In my 10 years running jSinger Marketing, the most common mistake I see companies make is acting too slowly.
When companies fear a new marketing or advertising venture, their indecisiveness, or even failure to act, puts them even further behind competition.
I’ve seen companies try to perfect a blog post or website phrase, worrying about the wording of a sentence. They stall a timely blog post or website launch and lose a greater impact than if they just made a quick decision.
Today’s culture does not wait for you.
You need to move quickly. I still talk to small business owners on a weekly basis who are hesitant to try something new. It’s 2021, and every business, large or small, should be active in at least basic digital marketing methods: Email blasts, Search Engine Optimization, a reasonable Google ad spend and marketing or advertising on social media. Many business I talk to have dabbled in these, but they often put off decisions for years. They get wrapped up in their day to day and “marketing” is something they’ll get to later. Just think how much business they lost by not starting a serious digital marketing campaign 2-5 years ago.
“Move faster than you think you can. Speed is essential when you’re scaling and even more critical in a crisis,” said Linked In co-founder Reid Hoffman on the “Masters of Scale” podcast. “In order to move fast, you need to build up your tolerance for minor errors…If you decide something in a way that I wouldn’t, that’s far better than you waiting for my approval and waiting for the moment.” (Listen to the podcast episode here: https://mastersofscale.com/8-lessons/)
Be the First to Act
On the positive side, I’ve seen some companies benefit from quick decisions. A long-time client of mine bought a keyword-strong domain name, GlassWhiteboard.com, early in its existence. This quick decision paid many dividends over the last 10 years. Had they waited, a competitor would have bought the name and ranked higher in Google search, and in the end, gained significant sales and market share.
What would have happened if the company decided they first had to write a strategic plan? Or discuss the purchase in a board meeting before acting?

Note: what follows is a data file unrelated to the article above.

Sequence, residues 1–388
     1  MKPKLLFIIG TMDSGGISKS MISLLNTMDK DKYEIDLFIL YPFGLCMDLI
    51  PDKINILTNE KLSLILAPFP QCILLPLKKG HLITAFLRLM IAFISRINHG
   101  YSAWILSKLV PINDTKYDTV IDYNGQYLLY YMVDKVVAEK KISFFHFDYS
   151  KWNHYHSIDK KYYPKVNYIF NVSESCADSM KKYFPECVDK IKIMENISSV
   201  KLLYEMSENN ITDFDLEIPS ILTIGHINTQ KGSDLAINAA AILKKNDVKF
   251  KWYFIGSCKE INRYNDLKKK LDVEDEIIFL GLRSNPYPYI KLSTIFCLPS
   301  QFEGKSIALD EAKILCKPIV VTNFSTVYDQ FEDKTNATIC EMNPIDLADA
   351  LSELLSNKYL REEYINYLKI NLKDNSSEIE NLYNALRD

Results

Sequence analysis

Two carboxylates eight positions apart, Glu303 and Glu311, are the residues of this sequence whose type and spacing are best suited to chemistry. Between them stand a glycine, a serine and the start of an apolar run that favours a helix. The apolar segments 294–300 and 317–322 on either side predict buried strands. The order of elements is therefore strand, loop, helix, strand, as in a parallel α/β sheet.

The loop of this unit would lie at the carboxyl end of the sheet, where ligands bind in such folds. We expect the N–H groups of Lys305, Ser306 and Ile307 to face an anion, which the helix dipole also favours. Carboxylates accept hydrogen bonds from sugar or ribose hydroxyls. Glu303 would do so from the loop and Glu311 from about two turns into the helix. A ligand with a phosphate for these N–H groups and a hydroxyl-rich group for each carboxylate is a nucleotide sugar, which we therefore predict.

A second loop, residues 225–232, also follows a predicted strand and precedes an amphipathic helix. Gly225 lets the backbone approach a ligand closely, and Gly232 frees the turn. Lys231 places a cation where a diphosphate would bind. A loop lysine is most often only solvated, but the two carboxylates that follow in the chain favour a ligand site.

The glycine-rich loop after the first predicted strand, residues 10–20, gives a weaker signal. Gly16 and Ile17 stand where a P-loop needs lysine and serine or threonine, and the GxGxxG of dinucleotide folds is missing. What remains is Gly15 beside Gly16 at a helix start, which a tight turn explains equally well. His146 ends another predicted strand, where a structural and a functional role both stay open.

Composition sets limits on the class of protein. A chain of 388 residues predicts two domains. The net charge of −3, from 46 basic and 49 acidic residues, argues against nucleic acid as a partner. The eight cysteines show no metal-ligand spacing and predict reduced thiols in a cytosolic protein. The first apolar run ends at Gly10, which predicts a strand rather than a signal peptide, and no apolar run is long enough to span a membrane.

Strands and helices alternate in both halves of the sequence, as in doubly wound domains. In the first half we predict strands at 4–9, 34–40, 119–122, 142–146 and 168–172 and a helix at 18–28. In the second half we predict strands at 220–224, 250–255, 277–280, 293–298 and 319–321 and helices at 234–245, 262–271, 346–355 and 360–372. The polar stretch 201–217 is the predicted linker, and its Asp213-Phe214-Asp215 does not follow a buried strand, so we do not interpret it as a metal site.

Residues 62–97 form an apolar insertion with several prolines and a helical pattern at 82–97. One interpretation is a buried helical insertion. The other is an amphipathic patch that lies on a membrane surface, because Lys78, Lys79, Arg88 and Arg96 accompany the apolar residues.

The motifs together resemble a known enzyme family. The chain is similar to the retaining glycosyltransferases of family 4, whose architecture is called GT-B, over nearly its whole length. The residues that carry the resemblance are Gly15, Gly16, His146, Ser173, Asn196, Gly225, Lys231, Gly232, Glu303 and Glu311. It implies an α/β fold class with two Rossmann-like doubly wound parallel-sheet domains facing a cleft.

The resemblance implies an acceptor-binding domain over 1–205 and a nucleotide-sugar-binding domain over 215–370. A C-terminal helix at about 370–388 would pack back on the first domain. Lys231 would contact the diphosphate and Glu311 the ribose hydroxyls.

During the COVID-19 pandemic in 2020, Mary Barra, chairman and CEO of General Motors, managed a quick transition when the company started manufacturing ventilators and related products.
“Something usually would take two weeks to get all the buy-in and all the approvals and they got it done in 24 hours.” Barra said on the same podcast. “Occasionally is there going to be a mistake or a problem? Yes, but the odds are it’s going to happen very infrequently and when it does we’ll fix it. ..for the few times it won’t work out perfectly, we’ll just move on.”
I couldn’t agree more. Mistakes will happen when you act quickly as well as when you take extensive time to plan. At least the faster route has the time advantage.
Today’s Customers are Fast-Paced and Savvy – Don’t Underestimate Them
Just this week I spoke to a client who gets weekly business inquiries from their website. But, they don’t have visitor stats to learn more about user behavior. It’s a huge opportunity. Website visitors (potential customers) are judging you based on your image more than ever. They notice your website. They notice your reviews and social media presence. If they consider you unprofessional, you’ll never hear from them; they’ll be giving business to your competitor. So you may think you’re OK, with that one inquiry a week. But maybe you could have had 10 inquiries!
“The world is moving quickly, our industry is transforming quickly, and I feel very confident in the strategy we have, but no one’s going to wait for us,” Barra added. “We had teams that they didn’t go through a couple levels of review. They just said ‘I know I’ve got to get this done, I know it’s the right thing to do, I’m going to do it.”
Does Speed Sacrifice Quality?
So do I really think, as I claim in this post title, that speed is more important than quality? I do. I’ve learned my clients appreciate speed, a max effort, quick turnaround time and a good relationship over perfection.
On the other side I’ve seen habitual stalling of projects, which means no results at all.
I’ve seen companies move quickly, for example early adopters of marketing on YouTube or Facebook, that earned an audience before their competitors did.
Does this mean any level of “quality” is acceptable? No. However, with 10 years running jSinger Marketing and 20 years in the marketing and advertising industry, odds are slim that I create a marketing campaign of poor quality. At worst it will be average, and then can tweaked and improved. But you can’t go back in time to start earlier, so timing is crucial. Also, I typically team up with business owners who are experienced as well. They have a good idea of their audience, what might work and what wouldn’t. Their instincts are on target. The odds of them missing the mark completely are slim. Together there’s no reason we can’t launch a successful marketing campaign in a short window.